I saved the best for last. When I started working with Liz, she didn't make me faster. She made me a better athlete and person. 


Again, this is hard. I want to say, "With swimming, I did this. For running, I did this".

I am not someone who tells athletes to go out and buy the latest and greatest equipment.

To me, it's about the machine (your body) not money. I have a friend who did his first IM on an old beater bike and went sub 12 hours. For years, I rode on a road bike with clip on aero bars.

With that in mind, there is one piece of equipment that I believe you really must purchase, even if you are a beginner (and if you know this sport is something you want to improve in).

That is a power meter.

In 2013, I bought a power meter.  I honestly thought it was a waste of money. I thought it was something for recording rides. I didn't understand how it could be use.

Liz had me do a bike test. AND EVERYTHING CHANGED.  All of a sudden, I had zones to train within....I saw my bike power explode. I saw my speeds get faster.

AND....I saw my running improve.   This is why I feel the power meter is a crucial piece to the puzzle.

It's more important the longer you go. I've said it before. At the sprint and oly, maybe it's not so important. (Although, those are my distances, and I would never train/race without it). At the HIM and IM, it's critical to race in your zones to give you the best run.

 If you are going to buy one piece of equipment, make it a power meter.

When I look back over my time in triathlon, I can see where I had the biggest jumps in speed. The first was in hiring Liz. The second is when I started using the power meter.

The third was when I started working with a Sports Dietitian.

This is often overlooked by athletes. I see athletes making the same mistakes over and over. Yet, they don't take the time to fix their nutrition issues.

You can't out train a bad diet.  

Dina is my RD. She changed my life. I am not being overly dramatic.

We worked on my daily nutrition and race nutrition. I can push harder than I have ever been able to, and I recover better than I ever have.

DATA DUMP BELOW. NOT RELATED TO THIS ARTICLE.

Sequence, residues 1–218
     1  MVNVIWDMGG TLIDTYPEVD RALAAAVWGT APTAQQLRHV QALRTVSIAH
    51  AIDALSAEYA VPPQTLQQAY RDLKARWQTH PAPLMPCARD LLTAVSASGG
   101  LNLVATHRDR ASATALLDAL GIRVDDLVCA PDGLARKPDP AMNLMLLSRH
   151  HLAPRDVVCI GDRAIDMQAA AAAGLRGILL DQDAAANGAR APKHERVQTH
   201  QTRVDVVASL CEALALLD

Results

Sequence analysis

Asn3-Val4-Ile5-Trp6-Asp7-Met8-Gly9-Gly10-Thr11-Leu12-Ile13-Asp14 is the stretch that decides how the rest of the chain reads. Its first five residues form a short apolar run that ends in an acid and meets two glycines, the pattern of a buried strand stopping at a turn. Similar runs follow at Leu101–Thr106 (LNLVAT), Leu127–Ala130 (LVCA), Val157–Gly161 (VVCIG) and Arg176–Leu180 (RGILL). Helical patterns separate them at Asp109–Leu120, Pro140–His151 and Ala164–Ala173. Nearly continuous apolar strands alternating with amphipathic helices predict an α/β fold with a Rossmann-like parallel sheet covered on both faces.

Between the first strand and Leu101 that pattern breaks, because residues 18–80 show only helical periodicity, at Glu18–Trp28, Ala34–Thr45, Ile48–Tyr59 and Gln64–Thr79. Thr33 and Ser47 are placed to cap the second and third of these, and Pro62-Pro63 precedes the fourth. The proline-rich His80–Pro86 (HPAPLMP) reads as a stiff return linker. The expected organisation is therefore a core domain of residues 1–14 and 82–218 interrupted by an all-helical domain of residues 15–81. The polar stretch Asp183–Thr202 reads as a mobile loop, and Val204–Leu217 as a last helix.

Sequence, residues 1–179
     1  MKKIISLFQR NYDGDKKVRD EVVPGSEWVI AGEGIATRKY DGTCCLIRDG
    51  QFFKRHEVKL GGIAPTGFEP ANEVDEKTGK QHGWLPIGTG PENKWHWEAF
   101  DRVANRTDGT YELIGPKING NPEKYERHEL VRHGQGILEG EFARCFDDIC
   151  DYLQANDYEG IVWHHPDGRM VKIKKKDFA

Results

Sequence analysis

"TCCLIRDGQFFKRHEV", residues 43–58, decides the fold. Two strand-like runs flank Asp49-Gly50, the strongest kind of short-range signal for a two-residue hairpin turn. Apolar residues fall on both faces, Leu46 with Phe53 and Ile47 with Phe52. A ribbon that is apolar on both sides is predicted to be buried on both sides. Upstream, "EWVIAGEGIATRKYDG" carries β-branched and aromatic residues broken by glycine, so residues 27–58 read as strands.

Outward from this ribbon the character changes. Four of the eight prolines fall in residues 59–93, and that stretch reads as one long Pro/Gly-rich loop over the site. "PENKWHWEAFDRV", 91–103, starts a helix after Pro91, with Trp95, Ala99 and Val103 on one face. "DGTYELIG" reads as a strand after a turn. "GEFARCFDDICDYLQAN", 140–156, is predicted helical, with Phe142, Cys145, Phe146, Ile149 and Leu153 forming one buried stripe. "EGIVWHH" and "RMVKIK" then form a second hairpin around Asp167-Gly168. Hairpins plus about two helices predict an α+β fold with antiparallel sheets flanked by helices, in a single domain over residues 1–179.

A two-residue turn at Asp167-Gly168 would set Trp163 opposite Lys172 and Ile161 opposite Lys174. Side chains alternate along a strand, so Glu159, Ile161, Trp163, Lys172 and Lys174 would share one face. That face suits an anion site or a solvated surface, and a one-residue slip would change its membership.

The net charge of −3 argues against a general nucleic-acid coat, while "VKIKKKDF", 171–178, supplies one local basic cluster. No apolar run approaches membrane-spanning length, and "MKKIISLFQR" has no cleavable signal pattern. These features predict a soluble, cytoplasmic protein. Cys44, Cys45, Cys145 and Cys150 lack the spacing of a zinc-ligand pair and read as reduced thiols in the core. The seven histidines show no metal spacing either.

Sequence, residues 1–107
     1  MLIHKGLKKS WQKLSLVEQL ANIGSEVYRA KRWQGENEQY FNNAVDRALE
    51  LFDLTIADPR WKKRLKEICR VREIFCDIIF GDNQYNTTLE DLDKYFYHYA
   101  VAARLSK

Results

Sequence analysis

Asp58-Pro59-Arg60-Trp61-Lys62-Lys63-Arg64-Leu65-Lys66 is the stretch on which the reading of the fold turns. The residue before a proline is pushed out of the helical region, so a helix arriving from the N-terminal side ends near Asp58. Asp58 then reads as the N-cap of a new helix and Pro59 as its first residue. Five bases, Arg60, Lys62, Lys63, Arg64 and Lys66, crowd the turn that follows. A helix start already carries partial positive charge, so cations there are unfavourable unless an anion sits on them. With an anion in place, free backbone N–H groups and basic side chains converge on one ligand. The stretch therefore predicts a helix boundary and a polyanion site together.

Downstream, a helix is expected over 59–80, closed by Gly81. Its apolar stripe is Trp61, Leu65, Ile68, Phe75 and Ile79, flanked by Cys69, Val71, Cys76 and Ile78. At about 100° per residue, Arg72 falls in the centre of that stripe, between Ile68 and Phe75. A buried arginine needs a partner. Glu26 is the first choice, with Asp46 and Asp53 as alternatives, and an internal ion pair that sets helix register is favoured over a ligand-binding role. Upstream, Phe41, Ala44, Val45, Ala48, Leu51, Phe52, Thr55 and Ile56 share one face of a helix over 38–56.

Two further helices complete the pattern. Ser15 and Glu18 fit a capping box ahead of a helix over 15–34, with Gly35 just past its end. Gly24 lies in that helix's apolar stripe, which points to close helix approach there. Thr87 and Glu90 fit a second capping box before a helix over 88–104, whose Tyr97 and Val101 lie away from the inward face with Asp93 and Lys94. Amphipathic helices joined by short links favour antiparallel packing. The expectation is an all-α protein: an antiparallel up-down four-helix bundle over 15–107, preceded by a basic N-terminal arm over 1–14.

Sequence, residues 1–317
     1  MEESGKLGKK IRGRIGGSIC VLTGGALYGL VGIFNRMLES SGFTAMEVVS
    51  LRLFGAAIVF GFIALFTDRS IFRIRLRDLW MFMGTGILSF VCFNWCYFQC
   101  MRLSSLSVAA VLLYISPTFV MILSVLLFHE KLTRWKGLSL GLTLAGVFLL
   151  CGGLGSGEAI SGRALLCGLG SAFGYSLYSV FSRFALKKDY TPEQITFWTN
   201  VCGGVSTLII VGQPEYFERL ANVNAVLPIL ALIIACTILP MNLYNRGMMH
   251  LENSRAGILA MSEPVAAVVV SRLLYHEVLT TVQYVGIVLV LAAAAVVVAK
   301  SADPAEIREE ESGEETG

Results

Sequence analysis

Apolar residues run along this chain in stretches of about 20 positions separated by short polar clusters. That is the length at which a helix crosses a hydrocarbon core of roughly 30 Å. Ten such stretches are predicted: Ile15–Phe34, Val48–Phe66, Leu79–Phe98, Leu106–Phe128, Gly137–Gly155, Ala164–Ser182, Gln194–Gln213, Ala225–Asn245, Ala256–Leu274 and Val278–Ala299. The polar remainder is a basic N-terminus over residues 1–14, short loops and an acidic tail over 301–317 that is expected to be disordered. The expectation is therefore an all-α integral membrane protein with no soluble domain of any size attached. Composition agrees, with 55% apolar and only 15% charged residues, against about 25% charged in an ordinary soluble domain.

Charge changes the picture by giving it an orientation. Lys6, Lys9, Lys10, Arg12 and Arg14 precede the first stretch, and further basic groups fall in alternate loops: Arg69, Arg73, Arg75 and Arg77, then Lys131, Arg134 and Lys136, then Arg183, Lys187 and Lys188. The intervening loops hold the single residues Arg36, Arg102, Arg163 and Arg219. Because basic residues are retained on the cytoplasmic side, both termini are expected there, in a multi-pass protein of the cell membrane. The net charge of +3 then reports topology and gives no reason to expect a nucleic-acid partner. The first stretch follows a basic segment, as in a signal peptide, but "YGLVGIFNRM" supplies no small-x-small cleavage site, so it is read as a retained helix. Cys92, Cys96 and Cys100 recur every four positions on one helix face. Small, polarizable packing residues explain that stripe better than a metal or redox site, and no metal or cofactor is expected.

This year, I had a very aggressive race schedule. Six races in 8 weeks. Even Liz, mentioned that she was impressed with how well I was able to recover and be ready to go for the next hard session.

Granted, Liz covered the training/taper/recover schedule. I could not have done it without using the things Dina taught me.

I worked with Dina in 2015 for 2 or 3 months. Since that time, I will check in with her when I feel I need some advice or pointers about handling a particular type of race or distance.

I lost body fat. I recover better. I can race harder. I sleep better. All those things that I couldn't  do on my own.

You have no idea what you are capable of until you start working with a Sports Dietitian.

For me, it will always be an ongoing relationship. I feel so fortunate to have met Dina.

Keep in mind that this list is meant for someone who is more or less at the beginning of their triathlon career.

Becoming a better athlete is a process. The athletes that you see on the podium, didn't get there by accident. (Ok. My very first podium WAS an accident. There were only 3 women in my age group. But, I digress).

When you commit to the sport, you will see big jumps in fitness, and you'll see days where you actually go backwards. It is a process. Fitness gains are not linear. They're a bunch of rolling peaks and valleys.

Don't think you need to make all these changes at once. I certainly didn't. One year, I hired a coach. One year, I bought a power meter. One year, I worked with a sports dietitian.

Take your time. Enjoy the gains where you get them. I know it can be frustrating.

If it were easy, everyone would do it.